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Rabbi Levin to Officiate at Interfaith Weddings

March 21, 2013

Reprinted with permission from the Kansas City Jewish Chronicle.

Rabbi Mark Levin.

Rabbi Mark Levin has been a rabbi for nearly 37 years. During that time he has never performed an interfaith wedding ceremony. That's about to change. The pulpit rabbi at Congregation Beth Torah informed his congregation earlier this year that he has revised his policy. He will now officiate at marriages, exclusively for families who are members of Beth Torah, for couples who will commit to supporting the Jewish community throughout their lives and who have no other religious affiliation or commitment.

(Other rabbis in the area also perform interfaith marriages. See related story below.)

This is not a change that happened overnight for the Reform rabbi.

"I have been absolutely consistent with this decision over the years, even with some deeply meaningful circumstances," he said in a recent interview.

"There have been plenty of people I have wanted to officiate for and I couldn't," he continued.

He explained his decision in the congregation's February newsletter:

"The interfaith marriage rate among Jews in greater Kansas City is, by my estimate, well over 50 percent. Fewer and fewer intrafaith marriages take place in the city annually, particularly among young people. Whereas I continue to agree with my religiously principled previous position, another set of religious facts has emerged, i.e.: Many of our young people are marrying without regard to the Jewish status of their spouse, but not without regard for Judaism. They are raising Jewish children, and receiving a commitment from their spouse prior to marriage that the family will support Judaism and the Jewish community."

Over the years he has noticed that he was officiating at fewer and fewer weddings, which factored into this change of heart. Another thing that influenced him was that his friend and colleague Rabbi Lawrence Hoffman, who held similar beliefs, changed his position on the matter.

According to Rabbi Levin, Rabbi Hoffman thought Rabbi Levin's stand against marrying interfaith couples was wrong.

"Larry also has the same approach to religious analysis as I do, which is an anthropological approach to the understanding of religion," he explained.

"His feeling was there have been plenty of changes in Jewish life over the centuries. He believes this is another change involving very sincere people who intend to build up the Jewish community, who believe they are marrying within the Jewish community. And, indeed, in this congregation those folks have been included in the Jewish community absolutely consistently," Rabbi Levin said.

Now, Rabbi Levin said he will officiate at the weddings of people who believe they are marrying into the Jewish community.

"That is to say people are coming into the Jewish community but they won't make a commitment to be a Jew," he explained.

He gave this example of a couple he met with recently. The bride-to-be grew up at and was very active at Beth Torah. Her fiancé is not Jewish.

"He said to me, 'I know that our values are the values with which (my fiancé) grew up and I am joining, but I am not Jewish,' " said Rabbi Levin.

In the past the rabbi would not have officiated at "this very significant life-cycle event for people who were going to spend their lives in the Jewish community." After they were married, however, he would welcome them as members of the congregation with open arms.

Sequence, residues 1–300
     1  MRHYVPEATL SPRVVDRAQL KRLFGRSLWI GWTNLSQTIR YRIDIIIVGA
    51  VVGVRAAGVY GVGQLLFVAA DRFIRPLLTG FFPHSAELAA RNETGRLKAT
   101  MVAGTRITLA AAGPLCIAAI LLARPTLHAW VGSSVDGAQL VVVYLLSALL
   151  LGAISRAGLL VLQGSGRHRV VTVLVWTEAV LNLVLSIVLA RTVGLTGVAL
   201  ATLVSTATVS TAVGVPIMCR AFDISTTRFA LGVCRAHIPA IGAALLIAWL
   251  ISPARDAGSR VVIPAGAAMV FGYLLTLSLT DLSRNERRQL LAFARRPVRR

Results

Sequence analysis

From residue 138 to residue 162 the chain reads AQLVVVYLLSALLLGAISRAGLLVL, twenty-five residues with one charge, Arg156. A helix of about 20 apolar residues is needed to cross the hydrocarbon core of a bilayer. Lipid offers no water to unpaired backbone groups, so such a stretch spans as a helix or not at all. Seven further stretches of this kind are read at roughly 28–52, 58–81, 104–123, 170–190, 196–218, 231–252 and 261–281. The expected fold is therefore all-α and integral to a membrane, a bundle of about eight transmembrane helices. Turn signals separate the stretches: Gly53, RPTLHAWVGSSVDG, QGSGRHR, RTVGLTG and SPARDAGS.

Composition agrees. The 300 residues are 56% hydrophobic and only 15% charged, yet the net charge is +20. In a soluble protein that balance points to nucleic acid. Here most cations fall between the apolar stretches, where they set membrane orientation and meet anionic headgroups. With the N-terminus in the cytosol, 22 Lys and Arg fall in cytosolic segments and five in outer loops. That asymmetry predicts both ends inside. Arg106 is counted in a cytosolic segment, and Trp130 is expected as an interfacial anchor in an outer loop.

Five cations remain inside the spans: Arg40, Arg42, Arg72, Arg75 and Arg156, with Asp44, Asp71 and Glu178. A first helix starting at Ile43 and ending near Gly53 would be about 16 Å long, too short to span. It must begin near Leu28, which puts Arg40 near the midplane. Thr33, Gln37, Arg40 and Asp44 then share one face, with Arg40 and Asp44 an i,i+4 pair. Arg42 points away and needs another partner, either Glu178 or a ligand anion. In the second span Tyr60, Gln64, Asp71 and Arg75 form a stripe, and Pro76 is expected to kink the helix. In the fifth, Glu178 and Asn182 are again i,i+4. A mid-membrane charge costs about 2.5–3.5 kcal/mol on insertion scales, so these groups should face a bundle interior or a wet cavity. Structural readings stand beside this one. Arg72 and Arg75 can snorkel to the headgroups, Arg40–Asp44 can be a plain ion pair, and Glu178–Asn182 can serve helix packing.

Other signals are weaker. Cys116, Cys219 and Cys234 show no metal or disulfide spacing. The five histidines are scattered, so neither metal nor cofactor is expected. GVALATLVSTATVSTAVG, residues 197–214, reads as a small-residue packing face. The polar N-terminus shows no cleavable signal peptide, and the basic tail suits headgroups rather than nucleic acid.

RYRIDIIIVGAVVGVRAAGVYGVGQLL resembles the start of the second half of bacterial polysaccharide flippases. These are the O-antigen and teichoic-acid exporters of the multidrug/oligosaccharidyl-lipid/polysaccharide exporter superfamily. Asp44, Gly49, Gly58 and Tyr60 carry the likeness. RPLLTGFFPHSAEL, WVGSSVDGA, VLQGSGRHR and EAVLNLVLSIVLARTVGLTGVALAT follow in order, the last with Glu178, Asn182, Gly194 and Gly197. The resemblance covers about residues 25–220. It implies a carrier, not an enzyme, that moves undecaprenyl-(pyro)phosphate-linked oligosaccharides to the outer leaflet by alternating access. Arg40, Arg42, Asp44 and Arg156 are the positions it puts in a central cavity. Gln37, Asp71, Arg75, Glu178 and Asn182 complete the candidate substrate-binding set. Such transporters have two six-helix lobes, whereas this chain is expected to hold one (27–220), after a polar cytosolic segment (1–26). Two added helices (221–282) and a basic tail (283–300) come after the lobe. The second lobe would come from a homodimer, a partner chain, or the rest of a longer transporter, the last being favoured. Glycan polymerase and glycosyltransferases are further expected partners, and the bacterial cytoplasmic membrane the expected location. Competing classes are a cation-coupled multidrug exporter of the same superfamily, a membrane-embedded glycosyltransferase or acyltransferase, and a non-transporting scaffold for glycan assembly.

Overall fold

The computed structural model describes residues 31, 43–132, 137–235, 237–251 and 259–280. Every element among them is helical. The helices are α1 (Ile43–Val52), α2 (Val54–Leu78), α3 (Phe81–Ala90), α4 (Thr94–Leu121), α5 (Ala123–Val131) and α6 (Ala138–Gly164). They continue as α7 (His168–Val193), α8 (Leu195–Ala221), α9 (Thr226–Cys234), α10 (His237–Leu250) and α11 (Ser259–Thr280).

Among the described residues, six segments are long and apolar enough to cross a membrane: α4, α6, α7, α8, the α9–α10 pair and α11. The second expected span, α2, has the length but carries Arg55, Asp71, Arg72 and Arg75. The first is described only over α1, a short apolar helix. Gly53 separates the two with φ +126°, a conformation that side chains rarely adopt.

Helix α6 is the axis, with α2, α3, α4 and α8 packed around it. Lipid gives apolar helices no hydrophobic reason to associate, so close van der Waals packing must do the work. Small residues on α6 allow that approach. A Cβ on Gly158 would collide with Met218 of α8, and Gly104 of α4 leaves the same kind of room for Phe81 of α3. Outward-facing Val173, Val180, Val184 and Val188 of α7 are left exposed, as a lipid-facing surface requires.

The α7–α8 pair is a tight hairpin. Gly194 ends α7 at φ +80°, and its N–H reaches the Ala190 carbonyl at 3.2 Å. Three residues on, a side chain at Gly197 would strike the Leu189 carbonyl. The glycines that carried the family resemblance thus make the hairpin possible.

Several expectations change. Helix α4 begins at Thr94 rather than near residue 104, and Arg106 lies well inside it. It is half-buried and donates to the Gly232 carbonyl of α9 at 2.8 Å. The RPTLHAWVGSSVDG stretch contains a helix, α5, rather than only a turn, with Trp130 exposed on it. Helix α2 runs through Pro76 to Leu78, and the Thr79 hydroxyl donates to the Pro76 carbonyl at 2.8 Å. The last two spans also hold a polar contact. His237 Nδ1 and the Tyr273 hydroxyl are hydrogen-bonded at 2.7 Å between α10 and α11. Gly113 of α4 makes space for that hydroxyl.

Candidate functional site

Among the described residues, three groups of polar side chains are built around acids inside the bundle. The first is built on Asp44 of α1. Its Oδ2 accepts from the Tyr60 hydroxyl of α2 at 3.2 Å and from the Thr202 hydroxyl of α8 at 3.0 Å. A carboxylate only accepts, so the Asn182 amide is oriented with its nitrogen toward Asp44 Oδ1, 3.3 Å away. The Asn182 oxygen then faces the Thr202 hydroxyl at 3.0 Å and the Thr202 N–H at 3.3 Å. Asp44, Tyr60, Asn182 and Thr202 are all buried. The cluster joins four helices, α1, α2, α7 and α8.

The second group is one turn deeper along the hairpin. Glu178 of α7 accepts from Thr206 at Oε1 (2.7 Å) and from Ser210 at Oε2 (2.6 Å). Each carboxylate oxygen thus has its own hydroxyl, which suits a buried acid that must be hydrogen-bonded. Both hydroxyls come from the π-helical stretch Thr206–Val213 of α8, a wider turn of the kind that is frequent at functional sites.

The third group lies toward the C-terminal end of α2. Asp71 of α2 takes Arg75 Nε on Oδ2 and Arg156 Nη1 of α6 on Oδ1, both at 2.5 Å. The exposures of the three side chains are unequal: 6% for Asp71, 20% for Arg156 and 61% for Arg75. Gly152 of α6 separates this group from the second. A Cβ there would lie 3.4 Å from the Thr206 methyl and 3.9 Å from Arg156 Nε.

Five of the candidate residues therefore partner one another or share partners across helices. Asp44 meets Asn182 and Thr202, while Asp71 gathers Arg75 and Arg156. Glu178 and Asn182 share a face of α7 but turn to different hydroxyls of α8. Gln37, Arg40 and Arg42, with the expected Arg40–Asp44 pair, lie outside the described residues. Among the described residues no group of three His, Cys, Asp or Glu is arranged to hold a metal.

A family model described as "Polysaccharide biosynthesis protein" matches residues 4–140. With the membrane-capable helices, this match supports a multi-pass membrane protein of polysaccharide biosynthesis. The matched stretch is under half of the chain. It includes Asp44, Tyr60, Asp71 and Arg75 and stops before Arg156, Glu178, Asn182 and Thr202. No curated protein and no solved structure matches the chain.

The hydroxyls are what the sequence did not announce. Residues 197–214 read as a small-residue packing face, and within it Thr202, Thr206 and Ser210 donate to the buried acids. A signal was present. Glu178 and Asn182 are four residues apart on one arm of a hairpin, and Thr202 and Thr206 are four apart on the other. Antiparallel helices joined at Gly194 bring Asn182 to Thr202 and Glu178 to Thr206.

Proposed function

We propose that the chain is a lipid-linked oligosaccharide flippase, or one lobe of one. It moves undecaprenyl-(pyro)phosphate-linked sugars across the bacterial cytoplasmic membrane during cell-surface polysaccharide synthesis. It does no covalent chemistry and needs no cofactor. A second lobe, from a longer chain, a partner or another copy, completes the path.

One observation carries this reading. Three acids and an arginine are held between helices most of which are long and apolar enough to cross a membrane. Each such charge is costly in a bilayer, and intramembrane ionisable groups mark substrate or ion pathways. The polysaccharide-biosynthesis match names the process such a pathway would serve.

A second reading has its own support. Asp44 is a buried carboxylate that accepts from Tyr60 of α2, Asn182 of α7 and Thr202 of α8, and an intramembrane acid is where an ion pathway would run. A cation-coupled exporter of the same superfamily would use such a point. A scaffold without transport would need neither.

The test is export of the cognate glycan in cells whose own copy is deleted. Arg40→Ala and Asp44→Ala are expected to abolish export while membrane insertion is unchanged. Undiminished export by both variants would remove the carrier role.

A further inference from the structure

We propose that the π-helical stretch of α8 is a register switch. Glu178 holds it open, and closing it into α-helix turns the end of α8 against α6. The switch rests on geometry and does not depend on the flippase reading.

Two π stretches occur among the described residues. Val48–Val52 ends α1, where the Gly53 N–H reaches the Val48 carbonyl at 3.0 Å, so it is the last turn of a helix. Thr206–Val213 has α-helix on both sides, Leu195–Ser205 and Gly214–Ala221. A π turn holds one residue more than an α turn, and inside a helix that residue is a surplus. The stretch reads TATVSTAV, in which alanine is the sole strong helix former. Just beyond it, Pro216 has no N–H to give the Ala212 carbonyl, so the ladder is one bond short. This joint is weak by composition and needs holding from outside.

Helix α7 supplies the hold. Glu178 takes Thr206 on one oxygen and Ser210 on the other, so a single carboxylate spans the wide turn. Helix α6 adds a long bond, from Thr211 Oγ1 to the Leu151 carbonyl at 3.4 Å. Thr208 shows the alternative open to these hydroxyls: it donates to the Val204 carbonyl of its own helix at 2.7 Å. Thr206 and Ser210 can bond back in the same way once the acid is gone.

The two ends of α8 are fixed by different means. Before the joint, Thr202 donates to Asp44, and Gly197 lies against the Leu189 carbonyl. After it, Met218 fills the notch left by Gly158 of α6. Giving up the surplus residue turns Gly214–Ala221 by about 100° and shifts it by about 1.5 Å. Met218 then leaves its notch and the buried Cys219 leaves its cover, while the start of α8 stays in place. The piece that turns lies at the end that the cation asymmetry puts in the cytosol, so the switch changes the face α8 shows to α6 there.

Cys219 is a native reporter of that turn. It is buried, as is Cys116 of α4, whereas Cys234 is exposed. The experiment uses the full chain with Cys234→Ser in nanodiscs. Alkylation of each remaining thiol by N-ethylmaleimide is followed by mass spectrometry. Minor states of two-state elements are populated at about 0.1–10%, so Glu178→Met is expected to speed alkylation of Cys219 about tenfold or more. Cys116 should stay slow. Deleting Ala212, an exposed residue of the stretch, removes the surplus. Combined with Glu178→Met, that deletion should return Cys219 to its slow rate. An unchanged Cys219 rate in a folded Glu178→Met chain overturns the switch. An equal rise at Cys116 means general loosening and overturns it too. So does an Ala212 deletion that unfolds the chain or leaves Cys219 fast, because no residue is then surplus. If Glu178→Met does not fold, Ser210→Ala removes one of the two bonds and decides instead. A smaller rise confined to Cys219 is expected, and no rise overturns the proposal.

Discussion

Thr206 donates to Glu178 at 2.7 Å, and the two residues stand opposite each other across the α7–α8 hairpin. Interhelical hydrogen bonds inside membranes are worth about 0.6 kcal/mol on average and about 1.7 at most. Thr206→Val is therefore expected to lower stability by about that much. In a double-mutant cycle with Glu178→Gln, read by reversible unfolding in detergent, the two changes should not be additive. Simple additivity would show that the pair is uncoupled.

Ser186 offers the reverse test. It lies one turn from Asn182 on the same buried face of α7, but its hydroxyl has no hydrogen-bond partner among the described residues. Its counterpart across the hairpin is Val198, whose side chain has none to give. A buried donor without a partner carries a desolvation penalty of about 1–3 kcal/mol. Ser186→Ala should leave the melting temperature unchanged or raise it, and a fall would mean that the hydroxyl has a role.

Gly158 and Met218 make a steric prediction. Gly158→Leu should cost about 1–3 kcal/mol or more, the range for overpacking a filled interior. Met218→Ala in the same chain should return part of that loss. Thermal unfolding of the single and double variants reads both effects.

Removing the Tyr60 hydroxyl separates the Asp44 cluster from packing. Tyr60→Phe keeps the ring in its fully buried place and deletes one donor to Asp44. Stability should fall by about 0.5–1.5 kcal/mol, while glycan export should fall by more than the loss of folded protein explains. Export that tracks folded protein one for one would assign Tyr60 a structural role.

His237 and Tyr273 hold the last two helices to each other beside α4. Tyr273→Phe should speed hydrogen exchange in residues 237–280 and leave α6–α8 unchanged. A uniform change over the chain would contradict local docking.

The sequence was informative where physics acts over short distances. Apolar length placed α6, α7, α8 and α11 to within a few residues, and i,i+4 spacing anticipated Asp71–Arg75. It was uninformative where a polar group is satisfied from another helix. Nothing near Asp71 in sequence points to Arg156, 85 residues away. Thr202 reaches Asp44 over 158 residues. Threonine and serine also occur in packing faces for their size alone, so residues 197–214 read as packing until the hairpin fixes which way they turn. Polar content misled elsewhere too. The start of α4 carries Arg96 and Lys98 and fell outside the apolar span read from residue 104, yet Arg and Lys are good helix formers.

In the future, Rabbi Levin will "no longer demand that both partners assert their Judaism, if both can affirm their absolute commitment to a Jewish life for their family and support for the Jewish community that gives context to the marriage."

When he has conversations with couples regarding this issue, Rabbi Levin isn't worried that the non-Jewish half of the couple will tell him what he wants to hear just so the rabbi will officiate and to make the Jewish half of the couple happy.

"By and large people absolutely tell the truth because what they are saying is here's what my life is about. But, believe me, we will have a very serious discussion," he said.

Interfaith couples who hope to be married at Beth Torah by Rabbi Levin will read — and sign — the statement that was published in the congregation's newsletter.

"I will make sure that they understand what the implications are, that they see themselves as holding Jewish values that uphold the life of the Jewish community and that their intention is to participate, as though they were Jews, in the life of the Jewish community," he said.

This change of stance does not mean Rabbi Levin will marry any interfaith couple. For instance Rabbi Levin does not plan on co-officiating at a wedding with a clergyperson of another faith.

However, the Reform rabbi is still considering what he will do if the couple's stance on religion is not quite black and white.

"For those people who say, 'Look, I want to maintain my religious affiliation but if you're wondering if I'm going to be supportive of life at Beth Torah, you betcha. I'm going to be there with my children and with my spouse ... I'm going to be fully supportive. This is going to be their culture, this is going to be their religion, but theologically I'm going to remain a Christian…' I'm just not clear yet how that's going to come out."

Rabbi Levin noted that Beth Torah has families like that now, who attend services and are active participants.

"I am much more concerned with the people who say, 'I don't get this Judaism thing. That's her thing. Yes I am going to continue to go to my religious tradition. I don't see myself as a member of the Jewish community but I'm perfectly happy to have a Jewish family.' "